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M. T. Mellon, B. M. Jakosky (University of Colorado), H. H. Kieffer (U.S. Geological Survey), P. R. Christensen (Arizona State University)
The thermal inertia of the martian surface layer has been derived from surface temperature data gathered by the Thermal Emission Spectrometer aboard Mars Global Surveyor during the early aerobraking phase of the mission. Diurnal oscillations in surface temperature are strongly dependent on the thermal and physical properties of the top several centimeters of the martian surface. Thermal inertia is a key property in defining these oscillations, combining conductivity, heat capacity, and density. Fine grained and loosely packed material typically exhibits a low value of thermal inertia, while higher values are common for rocks and exposed bedrock. Global mapping of thermal inertia provides insight into the physical character of the martian surface.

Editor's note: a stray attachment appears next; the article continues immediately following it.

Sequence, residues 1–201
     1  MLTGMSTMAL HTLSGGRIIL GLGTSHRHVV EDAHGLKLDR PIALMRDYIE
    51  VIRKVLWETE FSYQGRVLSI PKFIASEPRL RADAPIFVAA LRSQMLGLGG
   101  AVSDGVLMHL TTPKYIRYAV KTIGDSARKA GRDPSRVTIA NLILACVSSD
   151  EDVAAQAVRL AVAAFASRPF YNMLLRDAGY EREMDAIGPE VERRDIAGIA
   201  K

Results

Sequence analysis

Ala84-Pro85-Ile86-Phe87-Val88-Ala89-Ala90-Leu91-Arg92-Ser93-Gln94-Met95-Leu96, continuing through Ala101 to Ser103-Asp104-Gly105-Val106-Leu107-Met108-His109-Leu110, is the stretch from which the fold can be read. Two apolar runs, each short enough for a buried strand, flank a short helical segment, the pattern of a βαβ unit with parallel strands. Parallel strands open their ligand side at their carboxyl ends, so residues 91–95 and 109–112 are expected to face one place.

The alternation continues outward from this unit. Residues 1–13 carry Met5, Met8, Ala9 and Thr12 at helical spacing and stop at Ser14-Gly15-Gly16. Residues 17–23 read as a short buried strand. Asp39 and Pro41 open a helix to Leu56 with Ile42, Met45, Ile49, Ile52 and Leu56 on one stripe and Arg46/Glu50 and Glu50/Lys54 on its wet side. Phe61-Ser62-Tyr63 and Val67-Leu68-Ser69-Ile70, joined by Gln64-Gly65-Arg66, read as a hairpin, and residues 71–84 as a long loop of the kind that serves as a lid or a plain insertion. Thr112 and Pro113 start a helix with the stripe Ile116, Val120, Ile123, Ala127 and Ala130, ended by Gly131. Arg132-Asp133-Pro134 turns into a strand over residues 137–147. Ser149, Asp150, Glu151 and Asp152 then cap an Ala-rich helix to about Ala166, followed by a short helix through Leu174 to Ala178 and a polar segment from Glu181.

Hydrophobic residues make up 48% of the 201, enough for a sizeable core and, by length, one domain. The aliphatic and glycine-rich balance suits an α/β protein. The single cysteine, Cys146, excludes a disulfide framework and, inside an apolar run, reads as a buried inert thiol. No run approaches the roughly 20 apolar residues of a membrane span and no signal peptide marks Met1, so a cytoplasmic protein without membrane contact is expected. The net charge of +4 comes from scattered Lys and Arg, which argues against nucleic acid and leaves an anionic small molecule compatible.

Deriving the thermal inertia from TES observations of surface temperature is accomplished by matching these observations with temperatures from a surface temperature model. In practice, a suite of correlated measurements (surface temperature, albedo, atmospheric dust opacity, etc.) are interpolated from a large set of pre-computed models to yield the thermal inertia that most closely mimics the observed temperature. Results indicate a global scale pattern of high and low thermal inertia values similar to that of Viking IRTM thermal inertia values. Smaller-scale differences are also apparent. These results will be presented.